Then, What is a Switched PDU?

Annie Paquette
November 19, 2018

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In our previous post “So, What Is an Intelligent PDU?”  we provided some clarification to what can be thought of as a broad a category of products, all of which have a network connection in common.  An intelligent PDU is a basic PDU with a network connection.  And like most general categories, there are subcategories that bear some discussion.

As we defined it in the last post, an intelligent PDU does two things:  first, the network connection provides data feedback on the operation of the unit; second, the network connection provides the ability to control the operation of the unit remotely.  From these two features come the two major subcategories in the intelligent PDU world: ‘smart’ for data feedback, and ‘switched’ for command and control.

Not coincidentally, the Server Technology product names for these two types of rack PDUs are Smart and Switched, respectively.  They join Kleenex and Band-Aid in a long list of proprietary eponyms: brand names that became the name used for the product in the market.  But I digress.

The Server Technology Switched PDU gives data center managers the following capabilities:

 Rebooting and power-up sequencing: When a core network device fails, it doesn’t always need to be taken in for service or manually inspected. Sometimes, all it takes is a reboot to correct the underlying error. Reboots aren’t always easy, particularly for multisite data centers or colocation facilities.  With a switched PDU, reboots can be performed remotely from a Web interface, potentially eliminating the need to deploy service technicians.

Locking out unavailable outlets:  Switched PDUs help ensure reliability in the data center by making outlets unavailable.  Sometimes the rack is out of available power, or the phases need to be balanced.  In other instances, the data center utilizes a change management procedure that ensures sufficient power before new IT gear is added to a rack.  The ability to change an outlet from a ‘power off’ to a ‘power on’ state is important for managing protocol and the critical load.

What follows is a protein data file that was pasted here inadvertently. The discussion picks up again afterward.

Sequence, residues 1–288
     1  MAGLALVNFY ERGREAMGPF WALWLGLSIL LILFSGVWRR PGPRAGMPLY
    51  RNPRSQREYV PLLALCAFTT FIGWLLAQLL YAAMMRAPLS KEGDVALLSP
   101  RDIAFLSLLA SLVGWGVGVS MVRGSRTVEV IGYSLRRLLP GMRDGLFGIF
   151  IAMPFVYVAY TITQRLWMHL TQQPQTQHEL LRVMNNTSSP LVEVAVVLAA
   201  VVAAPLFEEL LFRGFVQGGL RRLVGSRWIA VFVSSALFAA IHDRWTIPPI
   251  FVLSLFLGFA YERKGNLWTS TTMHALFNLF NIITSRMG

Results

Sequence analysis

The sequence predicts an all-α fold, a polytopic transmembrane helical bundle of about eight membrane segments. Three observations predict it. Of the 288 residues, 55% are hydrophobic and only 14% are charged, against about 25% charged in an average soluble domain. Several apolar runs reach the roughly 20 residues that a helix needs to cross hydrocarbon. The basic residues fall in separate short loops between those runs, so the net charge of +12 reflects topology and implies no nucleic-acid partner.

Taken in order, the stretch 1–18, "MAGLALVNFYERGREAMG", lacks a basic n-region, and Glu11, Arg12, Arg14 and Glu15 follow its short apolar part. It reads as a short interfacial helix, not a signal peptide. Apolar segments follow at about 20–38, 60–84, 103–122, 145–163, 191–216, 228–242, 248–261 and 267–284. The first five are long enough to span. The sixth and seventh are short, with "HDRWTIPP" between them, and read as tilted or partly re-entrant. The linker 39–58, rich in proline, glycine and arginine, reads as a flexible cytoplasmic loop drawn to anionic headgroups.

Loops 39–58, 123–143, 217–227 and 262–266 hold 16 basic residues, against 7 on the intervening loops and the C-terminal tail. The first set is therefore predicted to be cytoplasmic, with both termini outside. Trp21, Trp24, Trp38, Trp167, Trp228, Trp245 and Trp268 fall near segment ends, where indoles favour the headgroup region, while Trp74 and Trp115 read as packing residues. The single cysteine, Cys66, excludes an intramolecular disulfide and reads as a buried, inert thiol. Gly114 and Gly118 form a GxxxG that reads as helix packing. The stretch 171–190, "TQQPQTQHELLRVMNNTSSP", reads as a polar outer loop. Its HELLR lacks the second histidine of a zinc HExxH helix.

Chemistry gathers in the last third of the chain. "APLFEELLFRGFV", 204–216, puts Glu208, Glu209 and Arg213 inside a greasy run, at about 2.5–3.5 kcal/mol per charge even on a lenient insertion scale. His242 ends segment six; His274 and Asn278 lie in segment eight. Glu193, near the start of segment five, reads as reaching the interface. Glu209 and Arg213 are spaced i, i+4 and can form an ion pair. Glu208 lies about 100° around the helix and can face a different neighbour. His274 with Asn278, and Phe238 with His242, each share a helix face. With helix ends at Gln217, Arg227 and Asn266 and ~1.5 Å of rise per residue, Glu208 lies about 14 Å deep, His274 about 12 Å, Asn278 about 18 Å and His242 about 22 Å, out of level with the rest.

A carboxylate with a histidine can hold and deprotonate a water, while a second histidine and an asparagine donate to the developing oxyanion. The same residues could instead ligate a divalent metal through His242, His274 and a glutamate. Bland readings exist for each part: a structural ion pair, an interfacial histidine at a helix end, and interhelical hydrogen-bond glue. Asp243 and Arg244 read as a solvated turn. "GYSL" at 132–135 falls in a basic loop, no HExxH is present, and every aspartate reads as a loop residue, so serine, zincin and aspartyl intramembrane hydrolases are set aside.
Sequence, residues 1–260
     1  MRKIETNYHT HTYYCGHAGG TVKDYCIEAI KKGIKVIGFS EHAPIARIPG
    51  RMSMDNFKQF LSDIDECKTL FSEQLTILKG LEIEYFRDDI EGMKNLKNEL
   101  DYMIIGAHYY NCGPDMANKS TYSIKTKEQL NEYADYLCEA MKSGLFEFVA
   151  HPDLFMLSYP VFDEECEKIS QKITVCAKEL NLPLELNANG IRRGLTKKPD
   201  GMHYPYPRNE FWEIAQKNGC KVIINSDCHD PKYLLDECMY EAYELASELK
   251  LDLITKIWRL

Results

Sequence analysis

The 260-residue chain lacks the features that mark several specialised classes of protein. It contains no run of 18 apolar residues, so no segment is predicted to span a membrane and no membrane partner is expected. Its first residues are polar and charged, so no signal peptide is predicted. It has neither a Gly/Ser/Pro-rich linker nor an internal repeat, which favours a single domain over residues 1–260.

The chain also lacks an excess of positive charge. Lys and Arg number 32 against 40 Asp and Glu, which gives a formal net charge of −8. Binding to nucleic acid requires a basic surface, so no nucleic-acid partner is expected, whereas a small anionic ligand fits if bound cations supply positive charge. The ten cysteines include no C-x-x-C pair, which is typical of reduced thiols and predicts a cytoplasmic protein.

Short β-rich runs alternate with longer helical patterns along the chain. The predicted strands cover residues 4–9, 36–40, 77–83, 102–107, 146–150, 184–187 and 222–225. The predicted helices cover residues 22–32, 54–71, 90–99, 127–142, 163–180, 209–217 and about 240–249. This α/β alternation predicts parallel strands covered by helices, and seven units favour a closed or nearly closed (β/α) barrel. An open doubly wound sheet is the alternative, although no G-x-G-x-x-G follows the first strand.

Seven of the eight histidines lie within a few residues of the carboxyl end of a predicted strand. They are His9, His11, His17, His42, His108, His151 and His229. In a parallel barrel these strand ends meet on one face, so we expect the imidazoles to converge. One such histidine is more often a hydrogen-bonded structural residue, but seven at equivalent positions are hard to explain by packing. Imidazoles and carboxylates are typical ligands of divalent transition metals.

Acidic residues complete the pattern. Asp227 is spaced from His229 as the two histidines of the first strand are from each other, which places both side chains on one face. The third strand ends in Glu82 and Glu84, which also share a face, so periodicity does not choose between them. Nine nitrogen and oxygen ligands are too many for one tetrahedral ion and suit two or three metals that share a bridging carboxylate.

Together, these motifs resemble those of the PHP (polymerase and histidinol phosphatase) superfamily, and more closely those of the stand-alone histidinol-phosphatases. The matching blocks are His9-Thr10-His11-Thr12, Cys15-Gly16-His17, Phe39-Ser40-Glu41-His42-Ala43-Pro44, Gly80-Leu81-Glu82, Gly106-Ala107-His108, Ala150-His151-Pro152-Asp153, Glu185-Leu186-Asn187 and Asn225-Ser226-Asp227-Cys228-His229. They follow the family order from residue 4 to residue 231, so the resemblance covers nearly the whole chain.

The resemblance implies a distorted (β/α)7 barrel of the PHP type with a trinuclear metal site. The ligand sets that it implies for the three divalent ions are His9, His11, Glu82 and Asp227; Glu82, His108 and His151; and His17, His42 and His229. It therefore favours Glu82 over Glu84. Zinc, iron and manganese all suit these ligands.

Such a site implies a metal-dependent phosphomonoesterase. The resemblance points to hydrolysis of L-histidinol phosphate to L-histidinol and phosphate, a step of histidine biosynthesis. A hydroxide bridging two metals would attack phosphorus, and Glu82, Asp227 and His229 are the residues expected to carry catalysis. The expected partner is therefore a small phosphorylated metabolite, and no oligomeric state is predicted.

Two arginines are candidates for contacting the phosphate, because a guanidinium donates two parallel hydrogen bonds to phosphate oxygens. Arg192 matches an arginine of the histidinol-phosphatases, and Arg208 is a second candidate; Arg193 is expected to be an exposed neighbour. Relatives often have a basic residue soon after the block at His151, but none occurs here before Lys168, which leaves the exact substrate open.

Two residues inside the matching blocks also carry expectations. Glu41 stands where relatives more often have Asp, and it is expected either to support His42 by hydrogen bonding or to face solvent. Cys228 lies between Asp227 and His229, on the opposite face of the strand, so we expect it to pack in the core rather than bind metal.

Scheduling power loads: Many data centers waste power by continuing to run equipment during off-hours when the network is not being fully utilized.  With a Switched PDU, you can remotely manage the power schedule on a per-outlet basis.  That’s usually because it is a more cost-effective way to keep equipment running and saves time instead of manually rebooting. A switched PDU allows operators to strategically schedule each outlet to avoid wasting power.

Managing multiple data centers. You don’t have one facility to manage, you have two or more. They may be spread out across the country, or even the world. As a result, performing maintenance on your infrastructure can be anything but routine. It may require you, or someone else, to travel to another facility to make physical changes. Or, it may require trusting someone else to perform changes.  You can stay in control of your equipment from any location if you use a switched PDU.

With those features, we understand that you might consider this a smart PDU.  It’s better to think of it as the Switched PDU in the intelligent PDU category.

And What Is a PDU in the First Place?